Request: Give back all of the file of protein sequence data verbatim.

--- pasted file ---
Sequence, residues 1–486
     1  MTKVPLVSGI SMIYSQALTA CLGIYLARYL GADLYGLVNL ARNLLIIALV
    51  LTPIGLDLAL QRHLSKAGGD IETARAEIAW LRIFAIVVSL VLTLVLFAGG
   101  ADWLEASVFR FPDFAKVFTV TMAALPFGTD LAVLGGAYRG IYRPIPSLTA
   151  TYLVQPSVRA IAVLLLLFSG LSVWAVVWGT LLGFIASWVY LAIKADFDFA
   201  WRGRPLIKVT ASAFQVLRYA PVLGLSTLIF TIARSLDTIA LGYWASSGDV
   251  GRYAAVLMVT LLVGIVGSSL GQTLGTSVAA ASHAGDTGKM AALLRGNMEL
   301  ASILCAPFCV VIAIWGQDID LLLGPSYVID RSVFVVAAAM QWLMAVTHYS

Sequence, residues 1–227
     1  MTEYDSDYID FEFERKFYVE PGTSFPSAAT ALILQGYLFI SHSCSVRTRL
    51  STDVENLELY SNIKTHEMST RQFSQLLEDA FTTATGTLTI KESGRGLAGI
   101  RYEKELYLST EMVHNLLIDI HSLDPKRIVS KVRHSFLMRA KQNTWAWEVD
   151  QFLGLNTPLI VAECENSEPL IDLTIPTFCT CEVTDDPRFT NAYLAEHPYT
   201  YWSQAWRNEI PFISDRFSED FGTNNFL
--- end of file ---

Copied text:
Sequence, residues 1–486
     1  MTKVPLVSGI SMIYSQALTA CLGIYLARYL GADLYGLVNL ARNLLIIALV
    51  LTPIGLDLAL QRHLSKAGGD IETARAEIAW LRIFAIVVSL VLTLVLFAGG
   101  ADWLEASVFR FPDFAKVFTV TMAALPFGTD LAVLGGAYRG IYRPIPSLTA
   151  TYLVQPSVRA IAVLLLLFSG LSVWAVVWGT LLGFIASWVY LAIKADFDFA
   201  WRGRPLIKVT ASAFQVLRYA PVLGLSTLIF TIARSLDTIA LGYWASSGDV
   251  GRYAAVLMVT LLVGIVGSSL GQTLGTSVAA ASHAGDTGKM AALLRGNMEL
   301  ASILCAPFCV VIAIWGQDID LLLGPSYVID RSVFVVAAAM QWLMAVTHYS

Sequence, residues 1–227
     1  MTEYDSDYID FEFERKFYVE PGTSFPSAAT ALILQGYLFI SHSCSVRTRL
    51  STDVENLELY SNIKTHEMST RQFSQLLEDA FTTATGTLTI KESGRGLAGI
   101  RYEKELYLST EMVHNLLIDI HSLDPKRIVS KVRHSFLMRA KQNTWAWEVD
   151  QFLGLNTPLI VAECENSEPL IDLTIPTFCT CEVTDDPRFT NAYLAEHPYT
   201  YWSQAWRNEI PFISDRFSED FGTNNFL